(jack screws cont.)
On the outside of the gear frame was a notched dog,that could lock the jack, so that you could leave it with any amount of weight on it for an indefinite period of time.
Just above the handle was an important safety device. This was a pin with not¬ches. In case the logger slipped or accidentally let go of the handle, the pin fell into the notch and prevented the handle from flying around uncontrolled. A flying handle could cut a man in two, or severely injure him, to say the least.
Jack screws were used in all phases of logging. When logs were unloaded at the landing there would be two men, each with a jack screw. When a leg was to be moved into the dump, a jack screw would be placed beside the log, the log quickly raised, and then the second man would place his jack screw and continue to assist the log in moving. The two men working alternately, would quickly move the log any place that they wished the log to go. This was the general method for using a jack screw. When the oxen was pulling a load and a log was fouled in any way, a jack screw or two would be used by the suglar, assisted by one or both water slingers, if necessary.
[There were no pictures in the original. This picture (right) of a jack screw was taken near Rockport.
The picture below, shows jack screws being used.]
These were made of seasoned live oak, shaped like a wedge, slightly higher in the middle, than at either edge, about eighteen to thirty inches in length, These were generally used by tie makers, but could be used in emergencies to raise a log, if it were caught on the skid road.
This chain had a hook on each end, which was hooked into the ring under the center of the lead yoke and was then passed back and hooked into the ring of the second yoke and so on for each yoke so that they worked as one team.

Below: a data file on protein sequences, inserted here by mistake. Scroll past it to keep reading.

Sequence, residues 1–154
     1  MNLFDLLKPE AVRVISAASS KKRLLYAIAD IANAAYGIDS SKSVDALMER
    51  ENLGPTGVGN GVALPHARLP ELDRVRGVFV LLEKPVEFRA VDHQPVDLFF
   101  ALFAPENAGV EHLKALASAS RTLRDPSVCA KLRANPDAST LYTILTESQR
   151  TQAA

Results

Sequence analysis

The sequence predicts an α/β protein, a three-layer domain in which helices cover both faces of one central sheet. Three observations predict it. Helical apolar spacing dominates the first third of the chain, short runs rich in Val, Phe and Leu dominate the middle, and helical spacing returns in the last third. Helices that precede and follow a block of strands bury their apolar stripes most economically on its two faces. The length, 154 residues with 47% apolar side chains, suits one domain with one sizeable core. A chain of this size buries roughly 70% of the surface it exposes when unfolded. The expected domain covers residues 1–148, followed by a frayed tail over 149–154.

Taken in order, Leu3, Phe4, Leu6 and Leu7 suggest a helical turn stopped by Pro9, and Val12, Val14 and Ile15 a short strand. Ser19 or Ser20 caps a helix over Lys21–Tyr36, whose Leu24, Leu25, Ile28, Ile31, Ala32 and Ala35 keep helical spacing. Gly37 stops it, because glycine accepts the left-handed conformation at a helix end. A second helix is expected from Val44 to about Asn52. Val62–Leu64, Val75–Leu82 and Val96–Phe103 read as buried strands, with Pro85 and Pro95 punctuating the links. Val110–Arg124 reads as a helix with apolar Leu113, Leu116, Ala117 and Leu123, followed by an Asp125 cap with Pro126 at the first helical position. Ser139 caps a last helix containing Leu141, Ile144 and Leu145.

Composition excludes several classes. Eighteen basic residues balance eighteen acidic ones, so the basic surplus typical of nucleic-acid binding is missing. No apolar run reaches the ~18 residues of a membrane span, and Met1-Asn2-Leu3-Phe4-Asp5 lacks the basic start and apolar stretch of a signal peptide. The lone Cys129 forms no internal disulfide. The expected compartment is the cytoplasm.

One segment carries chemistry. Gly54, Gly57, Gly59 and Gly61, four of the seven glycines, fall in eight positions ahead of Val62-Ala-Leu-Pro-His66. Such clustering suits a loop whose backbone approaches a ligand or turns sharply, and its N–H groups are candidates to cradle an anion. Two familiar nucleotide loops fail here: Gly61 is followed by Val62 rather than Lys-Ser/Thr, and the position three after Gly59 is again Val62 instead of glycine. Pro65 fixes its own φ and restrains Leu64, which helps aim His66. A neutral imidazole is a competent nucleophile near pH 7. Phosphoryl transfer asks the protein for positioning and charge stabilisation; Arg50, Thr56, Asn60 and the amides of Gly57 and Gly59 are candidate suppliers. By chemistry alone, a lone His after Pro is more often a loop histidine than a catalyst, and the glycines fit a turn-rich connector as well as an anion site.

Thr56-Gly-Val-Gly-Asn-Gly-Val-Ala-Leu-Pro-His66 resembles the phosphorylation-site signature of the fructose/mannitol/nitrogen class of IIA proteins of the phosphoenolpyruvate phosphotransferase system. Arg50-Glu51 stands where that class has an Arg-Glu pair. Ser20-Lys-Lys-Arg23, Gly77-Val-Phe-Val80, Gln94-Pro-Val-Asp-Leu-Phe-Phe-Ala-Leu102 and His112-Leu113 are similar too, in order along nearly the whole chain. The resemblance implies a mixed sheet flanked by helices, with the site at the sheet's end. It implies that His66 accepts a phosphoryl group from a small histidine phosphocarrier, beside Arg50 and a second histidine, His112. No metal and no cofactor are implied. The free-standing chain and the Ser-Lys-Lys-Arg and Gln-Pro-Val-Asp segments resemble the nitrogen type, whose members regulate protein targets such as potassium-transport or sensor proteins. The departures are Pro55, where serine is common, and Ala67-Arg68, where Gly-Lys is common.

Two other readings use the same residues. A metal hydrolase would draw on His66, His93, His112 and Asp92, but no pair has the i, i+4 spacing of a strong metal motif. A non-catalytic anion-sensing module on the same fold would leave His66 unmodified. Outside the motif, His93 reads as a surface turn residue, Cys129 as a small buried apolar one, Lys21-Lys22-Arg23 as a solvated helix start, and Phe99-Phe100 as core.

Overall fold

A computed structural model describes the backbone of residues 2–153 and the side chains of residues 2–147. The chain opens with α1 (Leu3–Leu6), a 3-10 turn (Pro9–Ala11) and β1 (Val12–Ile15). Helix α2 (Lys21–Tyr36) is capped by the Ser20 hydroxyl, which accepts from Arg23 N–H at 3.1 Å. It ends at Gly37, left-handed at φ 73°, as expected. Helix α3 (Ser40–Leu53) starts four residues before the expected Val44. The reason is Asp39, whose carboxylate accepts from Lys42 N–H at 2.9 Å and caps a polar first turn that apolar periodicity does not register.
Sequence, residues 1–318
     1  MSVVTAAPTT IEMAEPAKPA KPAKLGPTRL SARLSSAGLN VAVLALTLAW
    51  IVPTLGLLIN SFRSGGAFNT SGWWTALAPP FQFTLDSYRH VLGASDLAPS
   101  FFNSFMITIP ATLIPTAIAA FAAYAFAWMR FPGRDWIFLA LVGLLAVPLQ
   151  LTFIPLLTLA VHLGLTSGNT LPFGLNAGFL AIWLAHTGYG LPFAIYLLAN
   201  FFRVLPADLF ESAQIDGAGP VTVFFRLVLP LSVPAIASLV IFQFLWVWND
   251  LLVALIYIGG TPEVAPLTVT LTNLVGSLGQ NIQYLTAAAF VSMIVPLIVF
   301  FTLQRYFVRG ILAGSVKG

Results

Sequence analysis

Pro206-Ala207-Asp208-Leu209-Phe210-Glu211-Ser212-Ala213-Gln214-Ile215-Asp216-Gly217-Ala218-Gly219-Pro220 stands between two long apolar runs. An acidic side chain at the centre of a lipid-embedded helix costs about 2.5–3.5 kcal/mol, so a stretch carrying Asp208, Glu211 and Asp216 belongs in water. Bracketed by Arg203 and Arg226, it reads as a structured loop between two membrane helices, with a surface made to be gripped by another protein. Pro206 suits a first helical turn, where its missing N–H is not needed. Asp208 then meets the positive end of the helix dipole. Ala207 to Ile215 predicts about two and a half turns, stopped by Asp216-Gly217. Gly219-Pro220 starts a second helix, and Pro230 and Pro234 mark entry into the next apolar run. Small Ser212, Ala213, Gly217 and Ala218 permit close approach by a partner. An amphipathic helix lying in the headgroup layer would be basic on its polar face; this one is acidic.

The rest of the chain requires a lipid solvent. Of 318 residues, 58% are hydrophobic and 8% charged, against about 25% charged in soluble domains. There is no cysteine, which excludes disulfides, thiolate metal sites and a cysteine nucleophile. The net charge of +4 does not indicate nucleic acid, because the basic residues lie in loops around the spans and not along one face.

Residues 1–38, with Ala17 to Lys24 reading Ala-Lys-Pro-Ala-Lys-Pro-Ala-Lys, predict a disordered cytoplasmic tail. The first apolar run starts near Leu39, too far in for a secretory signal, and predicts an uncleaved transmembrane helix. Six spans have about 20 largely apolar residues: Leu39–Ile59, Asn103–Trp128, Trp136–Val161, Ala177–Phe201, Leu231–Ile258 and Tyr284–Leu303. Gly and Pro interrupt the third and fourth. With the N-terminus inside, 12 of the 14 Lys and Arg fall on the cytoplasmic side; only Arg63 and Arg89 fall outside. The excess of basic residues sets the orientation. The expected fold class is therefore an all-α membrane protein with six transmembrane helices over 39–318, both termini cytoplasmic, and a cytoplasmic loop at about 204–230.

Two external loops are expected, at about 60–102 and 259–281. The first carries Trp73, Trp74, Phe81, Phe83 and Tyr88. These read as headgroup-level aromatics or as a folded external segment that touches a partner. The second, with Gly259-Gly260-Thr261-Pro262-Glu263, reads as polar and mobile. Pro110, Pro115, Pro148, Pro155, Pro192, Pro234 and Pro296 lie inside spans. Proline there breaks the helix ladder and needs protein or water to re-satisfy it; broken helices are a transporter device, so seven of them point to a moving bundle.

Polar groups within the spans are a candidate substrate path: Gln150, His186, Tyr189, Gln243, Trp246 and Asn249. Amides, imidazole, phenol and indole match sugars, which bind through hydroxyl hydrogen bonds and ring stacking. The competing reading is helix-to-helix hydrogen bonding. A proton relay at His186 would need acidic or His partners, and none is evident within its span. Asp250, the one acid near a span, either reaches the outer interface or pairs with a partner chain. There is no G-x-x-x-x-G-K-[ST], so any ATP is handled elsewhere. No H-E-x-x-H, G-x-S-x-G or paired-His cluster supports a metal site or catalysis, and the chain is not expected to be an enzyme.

[A person who] built roads and cut brush to clear the way to get logs down to the skid road.
This was an all steel frame with a pulley and hook. When a logger wanted to use it, he bent the hook over and that uncoupled the side and he could throw his line out in just a few seconds. It was used in many ways. If a log got off the side of the road, and the logger had a Molly Hogan in his boat, he threw it over a stump and at¬tached his block to the Molly Hogan. With a short piece of cable, with an eye in one end and a hook in the other, the log could easily be pulled back on the road. These were also used on logging locomotives, to put cars back on the track, or to reload a log.
This was an endless piece of cable (about three-fourths or seven-eights of an inch cable) that you could throw over any stump. It was of no value in working with trees, because you couldn't get it over a tree.
The Bull wheel was used like a capstan, in early logging days. It had [an] iron bottom. One place it was used was Mill Creek at Dixon Flat. First the bulls pulled the wheel around (later horses were used). The wheel was bolted to a stump that had been sawed off even with the ground--fastened or chained to another stump. The oxen (or later horses) had to step over the chain, also over the brace of chains. As the wheel turned, the log was pulled out of the gulch or off the hill. It was used where it was muddy or where they didn't want to make a skid road for a small layout. The bulls went around with the wheel winding the ropes and pulling in logs.
A hook on the end of a line.